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There’s no question that travel advisors are suffering financially during the pandemic. It’s hard enough to take call after call, talking about trip cancellations and postponements. Our industry is crushed, our friends are furloughed, and, despite this, we continue to do our best to serve our clients.
But sadly, clients have discovered a new weapon, and it’s pointed right at us: credit card chargebacks.
We all know a fraudulent transaction when we see one — a charge on a statement from a store you’ve never shopped at is a great example. But now, clients and their credit card companies have created a new monster: Such companies may claim that the cardholder isn’t getting a product or service at the time they expected it, or that the consumer is trying to get around a no-refund policy.
Let’s look at some facts about credit card chargebacks. Across all industries, the financial impact of these claims will eclipse $30 billion in 2020, according to merchant service provider BankCard Services.What’s more, chargebacks increase 41% every two years, meaning the issue will only get worse as the practice spreads to other markets, such as the European Union, Japan and China.
Eighty-one percent of clients freely admit to filing a chargeback out of convenience, and most can’t see any difference between a chargeback and a standard return or refund claim.
They either don’t know — or don’t care — how a chargeback impacts the merchant.
Most can’t see any difference between a chargeback and a standard return or refund claim. They either don’t know — or don’t care — how a chargeback negatively impacts the merchant.
Additionally, a customer who successfully files a chargeback is nine times more likely to file another one, and 40% of customers who file a chargeback will file a second within 60 days.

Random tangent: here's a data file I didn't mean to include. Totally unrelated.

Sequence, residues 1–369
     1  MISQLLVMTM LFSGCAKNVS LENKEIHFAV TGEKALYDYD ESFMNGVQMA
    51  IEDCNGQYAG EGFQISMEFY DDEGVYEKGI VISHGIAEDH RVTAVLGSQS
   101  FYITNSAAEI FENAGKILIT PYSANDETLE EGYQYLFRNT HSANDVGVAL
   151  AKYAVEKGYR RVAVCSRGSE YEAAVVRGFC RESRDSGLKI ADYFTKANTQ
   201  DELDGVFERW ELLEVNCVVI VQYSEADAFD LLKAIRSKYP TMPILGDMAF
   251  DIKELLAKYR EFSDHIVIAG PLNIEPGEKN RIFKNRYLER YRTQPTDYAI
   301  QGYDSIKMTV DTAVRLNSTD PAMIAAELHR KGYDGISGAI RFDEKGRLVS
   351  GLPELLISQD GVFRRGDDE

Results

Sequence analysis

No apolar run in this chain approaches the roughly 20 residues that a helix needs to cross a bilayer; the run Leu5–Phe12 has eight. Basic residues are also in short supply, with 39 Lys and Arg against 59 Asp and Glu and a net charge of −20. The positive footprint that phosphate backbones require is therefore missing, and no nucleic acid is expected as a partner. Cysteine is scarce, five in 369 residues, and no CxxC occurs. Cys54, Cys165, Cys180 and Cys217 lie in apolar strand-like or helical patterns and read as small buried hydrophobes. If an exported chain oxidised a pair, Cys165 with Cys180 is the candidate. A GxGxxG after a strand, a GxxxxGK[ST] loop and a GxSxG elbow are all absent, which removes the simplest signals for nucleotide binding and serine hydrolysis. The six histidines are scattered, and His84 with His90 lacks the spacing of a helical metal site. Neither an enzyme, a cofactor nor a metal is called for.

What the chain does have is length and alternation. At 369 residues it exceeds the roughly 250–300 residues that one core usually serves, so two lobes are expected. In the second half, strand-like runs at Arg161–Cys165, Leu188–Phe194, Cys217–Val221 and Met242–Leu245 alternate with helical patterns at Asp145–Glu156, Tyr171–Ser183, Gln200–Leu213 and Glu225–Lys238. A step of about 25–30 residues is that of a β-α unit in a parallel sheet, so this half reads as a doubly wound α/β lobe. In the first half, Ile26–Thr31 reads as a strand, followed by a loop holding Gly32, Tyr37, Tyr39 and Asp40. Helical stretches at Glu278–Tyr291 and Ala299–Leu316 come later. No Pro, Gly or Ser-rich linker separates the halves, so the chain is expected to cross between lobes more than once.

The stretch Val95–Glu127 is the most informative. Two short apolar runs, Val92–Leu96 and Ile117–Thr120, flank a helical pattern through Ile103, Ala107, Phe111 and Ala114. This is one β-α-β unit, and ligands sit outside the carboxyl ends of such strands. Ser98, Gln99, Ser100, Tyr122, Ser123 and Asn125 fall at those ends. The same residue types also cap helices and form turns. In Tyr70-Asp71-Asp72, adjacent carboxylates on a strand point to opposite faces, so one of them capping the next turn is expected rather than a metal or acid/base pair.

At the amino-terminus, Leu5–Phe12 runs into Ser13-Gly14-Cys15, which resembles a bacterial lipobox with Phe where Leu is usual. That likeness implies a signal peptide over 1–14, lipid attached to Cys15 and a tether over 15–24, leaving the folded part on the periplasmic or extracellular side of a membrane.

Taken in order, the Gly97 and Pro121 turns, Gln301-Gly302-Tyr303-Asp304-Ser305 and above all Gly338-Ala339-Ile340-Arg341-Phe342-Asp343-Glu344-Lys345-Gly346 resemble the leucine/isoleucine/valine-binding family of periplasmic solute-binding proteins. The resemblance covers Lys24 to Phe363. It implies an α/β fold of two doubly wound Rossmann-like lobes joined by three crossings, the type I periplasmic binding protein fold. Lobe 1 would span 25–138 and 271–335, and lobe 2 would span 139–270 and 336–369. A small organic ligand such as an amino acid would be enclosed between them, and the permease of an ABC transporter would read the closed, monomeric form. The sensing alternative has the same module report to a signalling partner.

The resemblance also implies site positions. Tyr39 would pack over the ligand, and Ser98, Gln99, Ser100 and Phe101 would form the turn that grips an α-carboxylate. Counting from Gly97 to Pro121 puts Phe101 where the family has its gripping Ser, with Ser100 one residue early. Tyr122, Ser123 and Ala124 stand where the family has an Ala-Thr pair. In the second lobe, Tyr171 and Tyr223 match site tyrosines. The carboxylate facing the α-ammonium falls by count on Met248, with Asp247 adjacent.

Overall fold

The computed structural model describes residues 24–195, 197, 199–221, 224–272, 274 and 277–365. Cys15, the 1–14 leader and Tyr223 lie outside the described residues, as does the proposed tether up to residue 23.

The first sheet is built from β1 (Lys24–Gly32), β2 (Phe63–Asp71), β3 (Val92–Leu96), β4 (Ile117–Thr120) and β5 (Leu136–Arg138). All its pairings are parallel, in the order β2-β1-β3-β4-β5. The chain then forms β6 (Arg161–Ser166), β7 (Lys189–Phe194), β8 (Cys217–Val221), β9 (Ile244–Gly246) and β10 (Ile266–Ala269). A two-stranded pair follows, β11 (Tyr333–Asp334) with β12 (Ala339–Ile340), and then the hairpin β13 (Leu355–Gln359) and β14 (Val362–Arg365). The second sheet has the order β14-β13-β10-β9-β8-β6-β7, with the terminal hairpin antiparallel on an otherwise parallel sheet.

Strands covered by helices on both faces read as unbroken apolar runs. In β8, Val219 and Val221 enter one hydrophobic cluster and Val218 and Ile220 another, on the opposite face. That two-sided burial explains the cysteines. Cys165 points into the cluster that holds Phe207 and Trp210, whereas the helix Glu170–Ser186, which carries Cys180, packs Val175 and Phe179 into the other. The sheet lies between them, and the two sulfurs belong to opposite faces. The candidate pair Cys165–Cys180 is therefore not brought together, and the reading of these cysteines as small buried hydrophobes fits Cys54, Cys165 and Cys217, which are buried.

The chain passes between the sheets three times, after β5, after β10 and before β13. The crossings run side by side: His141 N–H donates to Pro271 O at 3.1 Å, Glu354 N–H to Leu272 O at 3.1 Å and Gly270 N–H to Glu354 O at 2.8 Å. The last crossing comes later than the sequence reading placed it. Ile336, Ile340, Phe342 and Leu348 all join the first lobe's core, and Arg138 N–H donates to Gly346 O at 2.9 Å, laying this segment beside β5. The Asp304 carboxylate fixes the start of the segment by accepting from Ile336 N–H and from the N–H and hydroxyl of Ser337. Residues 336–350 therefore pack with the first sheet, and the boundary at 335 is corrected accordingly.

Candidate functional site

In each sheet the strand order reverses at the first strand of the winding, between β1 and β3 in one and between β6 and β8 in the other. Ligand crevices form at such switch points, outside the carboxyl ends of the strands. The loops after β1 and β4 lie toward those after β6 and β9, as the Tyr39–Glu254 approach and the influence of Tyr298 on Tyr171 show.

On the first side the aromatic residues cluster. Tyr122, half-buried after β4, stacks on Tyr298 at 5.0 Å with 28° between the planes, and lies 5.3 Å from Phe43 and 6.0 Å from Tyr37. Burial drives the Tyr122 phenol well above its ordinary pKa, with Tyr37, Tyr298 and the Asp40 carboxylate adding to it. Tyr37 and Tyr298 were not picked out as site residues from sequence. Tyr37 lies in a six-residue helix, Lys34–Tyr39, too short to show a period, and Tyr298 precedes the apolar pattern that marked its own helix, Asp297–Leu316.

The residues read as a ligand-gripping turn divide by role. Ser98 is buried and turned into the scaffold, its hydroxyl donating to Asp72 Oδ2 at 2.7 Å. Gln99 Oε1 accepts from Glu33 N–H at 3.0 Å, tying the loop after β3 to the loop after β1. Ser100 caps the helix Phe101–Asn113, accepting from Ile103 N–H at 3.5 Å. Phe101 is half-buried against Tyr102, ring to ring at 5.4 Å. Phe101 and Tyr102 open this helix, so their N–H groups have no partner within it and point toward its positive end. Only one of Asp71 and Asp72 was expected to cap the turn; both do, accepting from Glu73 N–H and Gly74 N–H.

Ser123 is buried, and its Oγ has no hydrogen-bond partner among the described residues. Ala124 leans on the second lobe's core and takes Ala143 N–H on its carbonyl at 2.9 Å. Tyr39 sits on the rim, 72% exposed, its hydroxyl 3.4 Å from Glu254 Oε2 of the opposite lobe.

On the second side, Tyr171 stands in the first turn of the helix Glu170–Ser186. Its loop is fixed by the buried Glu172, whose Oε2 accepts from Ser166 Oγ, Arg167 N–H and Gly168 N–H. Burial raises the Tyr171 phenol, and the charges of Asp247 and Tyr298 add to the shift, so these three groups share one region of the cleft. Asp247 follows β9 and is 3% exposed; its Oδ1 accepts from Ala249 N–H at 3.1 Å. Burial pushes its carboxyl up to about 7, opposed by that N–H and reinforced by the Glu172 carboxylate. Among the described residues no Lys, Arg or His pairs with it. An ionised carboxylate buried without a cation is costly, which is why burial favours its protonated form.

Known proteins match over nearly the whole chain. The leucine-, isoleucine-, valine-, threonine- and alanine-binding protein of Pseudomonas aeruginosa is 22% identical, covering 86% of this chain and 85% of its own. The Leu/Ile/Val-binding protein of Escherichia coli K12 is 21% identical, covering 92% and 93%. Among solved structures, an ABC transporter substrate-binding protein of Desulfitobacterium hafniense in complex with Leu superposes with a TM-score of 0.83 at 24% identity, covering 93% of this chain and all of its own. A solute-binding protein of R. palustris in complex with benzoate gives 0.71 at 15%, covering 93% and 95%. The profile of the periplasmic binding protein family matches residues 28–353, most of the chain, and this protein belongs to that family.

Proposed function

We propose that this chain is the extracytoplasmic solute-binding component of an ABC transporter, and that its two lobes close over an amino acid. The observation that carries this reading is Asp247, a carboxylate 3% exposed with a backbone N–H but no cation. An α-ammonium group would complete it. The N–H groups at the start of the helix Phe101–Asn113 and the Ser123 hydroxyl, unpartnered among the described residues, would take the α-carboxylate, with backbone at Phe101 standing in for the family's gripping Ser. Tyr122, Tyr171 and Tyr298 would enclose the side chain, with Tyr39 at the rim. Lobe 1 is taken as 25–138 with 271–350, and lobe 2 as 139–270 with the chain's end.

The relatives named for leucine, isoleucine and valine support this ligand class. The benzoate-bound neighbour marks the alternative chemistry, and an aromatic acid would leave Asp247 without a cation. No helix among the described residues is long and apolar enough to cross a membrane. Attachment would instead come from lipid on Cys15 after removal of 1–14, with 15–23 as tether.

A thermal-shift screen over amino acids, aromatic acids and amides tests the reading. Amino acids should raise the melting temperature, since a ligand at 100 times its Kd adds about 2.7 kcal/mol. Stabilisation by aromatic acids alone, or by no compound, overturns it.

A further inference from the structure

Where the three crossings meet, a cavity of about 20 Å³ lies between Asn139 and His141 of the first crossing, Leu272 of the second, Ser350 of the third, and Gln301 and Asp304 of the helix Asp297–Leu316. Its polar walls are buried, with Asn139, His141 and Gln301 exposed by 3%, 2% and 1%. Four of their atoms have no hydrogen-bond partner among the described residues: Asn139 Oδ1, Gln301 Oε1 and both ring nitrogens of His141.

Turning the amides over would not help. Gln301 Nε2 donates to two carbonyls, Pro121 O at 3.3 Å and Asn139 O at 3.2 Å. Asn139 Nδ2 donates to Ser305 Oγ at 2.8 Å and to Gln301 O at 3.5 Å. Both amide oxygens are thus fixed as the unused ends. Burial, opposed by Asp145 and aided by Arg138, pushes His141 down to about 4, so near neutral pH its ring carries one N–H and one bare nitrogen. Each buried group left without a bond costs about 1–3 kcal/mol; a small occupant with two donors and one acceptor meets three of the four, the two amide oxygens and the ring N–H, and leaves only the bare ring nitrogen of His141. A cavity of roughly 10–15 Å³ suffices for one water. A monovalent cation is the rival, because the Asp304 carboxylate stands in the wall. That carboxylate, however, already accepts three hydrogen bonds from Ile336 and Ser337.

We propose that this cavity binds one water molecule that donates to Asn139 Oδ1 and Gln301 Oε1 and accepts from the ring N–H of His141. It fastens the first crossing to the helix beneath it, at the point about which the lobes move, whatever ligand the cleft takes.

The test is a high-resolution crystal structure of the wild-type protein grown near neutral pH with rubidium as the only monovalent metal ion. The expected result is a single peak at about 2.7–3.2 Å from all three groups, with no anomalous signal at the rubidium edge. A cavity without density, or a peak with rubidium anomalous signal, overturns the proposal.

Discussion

The merchants, on the other hand, rarely hear from these dissatisfied customers; only one in 20 customers will call and complain if there is an issue with their purchase. The remaining 19 are at risk of filing a chargeback.
In the current landscape, advisors may find themselves battling chargebacks and become confused about how to proceed.
For one, it’s important to know that there are two banking companies involved: the customer’s credit card issuer, and your credit card processor. Unfortunately, the ultimate decision on a claim’s validity is essentially made by the customer’s issuer — and that’s bad news for all of us.
Even worse, the credit card company is statistically more inclined to rule in a customer’s favor. So, what’s an advisor to do? First, try and deal with the client directly to reach an agreement that the client will withdraw the chargeback. If that fails, it’s time to piece together a formal response. Typically, you will have about three to five days to put this together.
The response to the dispute should include all of the booking details and invoices; the name of the person who canceled or rescheduled the trip; any pertinent terms and conditions, and the client’s knowledge of said terms; and the signed credit card authorization.
After that, it’s time to sit back and wait (or pace). Anything can happen.
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This may feel like a losing battle, but I encourage you not to give up. Statistically, we will win about 60% of our challenges. Take this opportunity to think about new policies that may be worthy of consideration. For example, I would advise only accepting credit cards for initial deposits, and adding a clause to your terms and conditions that states that the client agrees in advance to not initiate a chargeback (unless it is a case of actual fraud), and that you will be entitled to pursue them for your costs and losses if they use a chargeback as a ruse for getting a refund.
Jeffrey Ment currently works as a travel law attorney and previously worked as a travel advisor, airline sales manager and tour guide. For more than 27 years, he has represented individuals and companies in the travel industry.Have a question for Jeffrey? Let us know by sending an email to [email protected]
The DetailsThe Ment Law Groupwww.mentlaw.com
Read more from TravelAge West about the COVID-19 outbreak.